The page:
Berlin (dpa) - Germany's parliament rejected Thursday a plan to
set a women's quota on corporate boards, an issue that has stirred
passionate debate in the country and forced Chancellor Angela Merkel
to reverse her position in the middle of an election campaign.
In a 320-277 split, the Bundestag lower house rejected a bill previously adopted by the opposition-controlled Bundesrat upper house which would set a women's quota of 40 per cent in phases starting from 2023.
A parliamentary report before the vote said that at Germany's top 200 enterprises, women currently have only 10 to 17 per cent of the seats on supervisory boards, the topmost layer of corporate governance.
Merkel, who had previously said business should voluntarily raise women's presence at the top, suddenly committed earlier this week to a boardroom quota from 2020 - a move that angered business groups and conservatives, who see it as unwarranted government intrusion into the economy.
The chancellor's hand was forced by the threat of a split in her Christian Democratic bloc. Political handlers feared Labour Minister Ursula von der Leyen and other liberals would laud the quota, giving a propaganda victory to the opposition.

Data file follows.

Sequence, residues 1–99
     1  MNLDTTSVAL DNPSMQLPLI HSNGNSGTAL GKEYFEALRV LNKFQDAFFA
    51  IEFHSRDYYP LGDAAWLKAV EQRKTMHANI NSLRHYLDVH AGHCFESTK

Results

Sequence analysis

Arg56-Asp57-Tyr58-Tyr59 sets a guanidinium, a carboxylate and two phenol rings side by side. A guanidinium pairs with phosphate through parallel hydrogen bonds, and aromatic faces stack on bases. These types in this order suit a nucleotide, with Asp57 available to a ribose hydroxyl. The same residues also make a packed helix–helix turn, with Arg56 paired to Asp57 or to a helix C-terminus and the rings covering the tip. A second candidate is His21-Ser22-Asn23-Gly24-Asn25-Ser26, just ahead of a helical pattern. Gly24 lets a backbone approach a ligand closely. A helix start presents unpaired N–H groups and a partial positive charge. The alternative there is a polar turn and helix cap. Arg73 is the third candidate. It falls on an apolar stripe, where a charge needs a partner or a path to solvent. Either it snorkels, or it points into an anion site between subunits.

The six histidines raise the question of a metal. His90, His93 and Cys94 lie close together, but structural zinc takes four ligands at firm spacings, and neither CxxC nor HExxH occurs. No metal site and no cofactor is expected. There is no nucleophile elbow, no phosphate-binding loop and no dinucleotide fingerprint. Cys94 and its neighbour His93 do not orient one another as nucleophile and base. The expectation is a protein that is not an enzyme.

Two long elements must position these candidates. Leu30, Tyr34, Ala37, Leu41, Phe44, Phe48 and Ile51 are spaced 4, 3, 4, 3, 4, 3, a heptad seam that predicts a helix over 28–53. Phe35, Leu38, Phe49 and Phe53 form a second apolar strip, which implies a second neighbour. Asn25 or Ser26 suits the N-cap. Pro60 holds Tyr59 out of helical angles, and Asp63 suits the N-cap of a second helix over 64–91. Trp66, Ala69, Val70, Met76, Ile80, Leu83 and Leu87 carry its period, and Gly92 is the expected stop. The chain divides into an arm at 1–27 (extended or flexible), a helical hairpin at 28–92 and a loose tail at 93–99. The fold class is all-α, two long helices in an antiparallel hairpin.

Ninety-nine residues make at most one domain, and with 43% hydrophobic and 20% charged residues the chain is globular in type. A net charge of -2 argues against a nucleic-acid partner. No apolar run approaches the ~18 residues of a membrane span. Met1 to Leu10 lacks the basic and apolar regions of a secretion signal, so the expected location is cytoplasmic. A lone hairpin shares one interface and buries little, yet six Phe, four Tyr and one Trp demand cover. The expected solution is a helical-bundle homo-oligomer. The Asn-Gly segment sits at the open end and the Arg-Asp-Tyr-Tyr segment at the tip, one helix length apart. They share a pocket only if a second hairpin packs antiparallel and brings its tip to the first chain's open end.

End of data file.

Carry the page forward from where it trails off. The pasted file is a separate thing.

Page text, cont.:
In response, Merkel promised to put mandatory quotas in the platform of her Christian Democrats for this year's September 22 election. It would set a women's quota of 30 per cent in the boardrooms from 2020.
Left-wing critics say the promise may never translate into legislation. Germany's first female chancellor, who has a doctorate in physics, has often stayed away from gender equality issues, arguing that an employee's qualifications trump their gender.
Frank-Walter Steinmeier, leader in parliament of the opposition Social Democrats, told dpa in an interview: "She couldn't care less about the issue. All that matters to her is avoiding hassle. The ones paying the price are the women of this country."
"(Merkel) acts as if she wants to do something to bring work and raising a family into sync," Steinmeier said. "She does a sort of political counterfeiting with nothing at its heart. The result is that we've had four years of standstill, dispute and hesitation."
An opposition proposal to compromise by setting a lower, 20-per-cent quota to start in 2018 also failed to win support in parliament on Thursday.
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